Perspective: ‘Reticence and Volubility’ BY MARIANNE MOORE

“When I am dead,”
The wizard said,
“I’ll look upon the narrow way
And this Dante,
And know that he was right
And he’ll delight
In my remorse,
Of course.”
“When I am dead,”
The student said,
“I shall have grown so tolerant,
I’ll find I can’t
Laugh at your sorry plight
Or take delight
In your chagrin,

By Marianne Moore

There’s a quote I’ve lived a lot by over the last three or four years (maybe more; time moves faster than it used to). The philosopher Michel de Montaigne once said, “We are, I know not how, double in ourselves, so that what we believe, we disbelieve, and cannot rid ourselves of what we condemn.” I usually take this to the level of religion, but this poem has me thinking about it in a new way.

What I’ve read about Moore is that she was a very private person, even in her writings. I’m not entirely sure that’s true, based on this poem. It seems to me that she laid herself bare on the page, only didn’t make herself obvious. Who’s this Merlin? I reckon it’s Moore. This Dante? Moore. I initially assumed she was referring to the obvious mythical characters, but the more I read this poem, the more autobiographical it feels. Moore is student, Moore is teacher, as are we all.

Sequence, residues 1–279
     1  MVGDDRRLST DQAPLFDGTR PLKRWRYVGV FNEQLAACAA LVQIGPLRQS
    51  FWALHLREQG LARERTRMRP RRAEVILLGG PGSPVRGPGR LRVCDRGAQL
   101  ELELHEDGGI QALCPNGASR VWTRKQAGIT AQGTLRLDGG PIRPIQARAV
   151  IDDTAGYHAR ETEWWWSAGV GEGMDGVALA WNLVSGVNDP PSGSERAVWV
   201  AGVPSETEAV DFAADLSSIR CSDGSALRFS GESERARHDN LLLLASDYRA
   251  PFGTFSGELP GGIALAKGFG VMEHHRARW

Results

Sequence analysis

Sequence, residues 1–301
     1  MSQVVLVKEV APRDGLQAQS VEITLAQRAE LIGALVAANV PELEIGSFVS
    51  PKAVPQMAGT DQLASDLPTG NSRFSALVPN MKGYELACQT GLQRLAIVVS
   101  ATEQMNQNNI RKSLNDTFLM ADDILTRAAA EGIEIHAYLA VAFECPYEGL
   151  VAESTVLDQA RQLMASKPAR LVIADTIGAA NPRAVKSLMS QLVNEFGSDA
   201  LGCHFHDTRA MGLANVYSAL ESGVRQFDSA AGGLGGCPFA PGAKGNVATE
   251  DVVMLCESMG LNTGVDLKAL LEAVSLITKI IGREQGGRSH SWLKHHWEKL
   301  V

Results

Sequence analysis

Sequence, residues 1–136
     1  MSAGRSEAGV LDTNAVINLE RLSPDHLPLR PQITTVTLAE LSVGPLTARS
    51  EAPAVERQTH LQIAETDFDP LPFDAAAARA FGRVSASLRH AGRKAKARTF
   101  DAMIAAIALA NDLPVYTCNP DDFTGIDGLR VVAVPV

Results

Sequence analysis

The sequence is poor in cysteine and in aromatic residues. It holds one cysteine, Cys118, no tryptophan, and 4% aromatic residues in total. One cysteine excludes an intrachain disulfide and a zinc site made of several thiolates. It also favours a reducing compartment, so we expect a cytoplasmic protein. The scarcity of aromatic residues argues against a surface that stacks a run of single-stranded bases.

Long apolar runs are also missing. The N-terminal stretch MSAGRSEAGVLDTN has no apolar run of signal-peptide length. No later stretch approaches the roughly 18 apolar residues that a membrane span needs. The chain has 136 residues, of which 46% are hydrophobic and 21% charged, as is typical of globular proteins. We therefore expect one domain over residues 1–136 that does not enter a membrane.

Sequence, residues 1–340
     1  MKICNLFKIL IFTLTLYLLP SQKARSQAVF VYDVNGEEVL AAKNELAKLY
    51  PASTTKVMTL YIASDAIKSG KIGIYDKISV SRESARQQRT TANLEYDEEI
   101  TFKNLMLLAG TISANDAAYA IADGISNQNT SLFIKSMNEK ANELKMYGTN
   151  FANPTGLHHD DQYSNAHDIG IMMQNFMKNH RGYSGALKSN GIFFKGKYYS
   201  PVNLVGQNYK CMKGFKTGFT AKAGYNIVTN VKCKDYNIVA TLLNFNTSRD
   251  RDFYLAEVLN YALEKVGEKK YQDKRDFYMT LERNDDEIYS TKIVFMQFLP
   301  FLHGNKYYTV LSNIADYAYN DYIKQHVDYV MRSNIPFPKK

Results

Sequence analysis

Whenever I’ve been drunk, I’ve been fairly voluble. Else times, I’m fairly reticent. And I can be somewhere in between at times as well. All the while, I’m trying to understand which is the better way, whatever that might mean. I’m not saying Moore and I are the same person by any stretch of the imagination (for example, she can write poetry), but I do feel as though this is a common question for all people: is the way I live the right way? Am I better as an introvert or an extrovert? Should I speak or reconsider?

Regardless of what conclusion one may come to, Moore seemed quite content at this point in her life to disregard the possibility of conclusion. Moore viewed this division of the self as lifelong inner turmoil. Moreover, each side of her seems to feel the other will turn out to be the correct way of being; she is constantly at war with herself regardless of the time.

Either that, or this is in fact a short dialogue between a wizard and a theologian. Either which way, whether personally or interpersonally, it is a truth that we truly “cannot rid ourselves of what we condemn”, so we may as well learn to live a full life given what we have.

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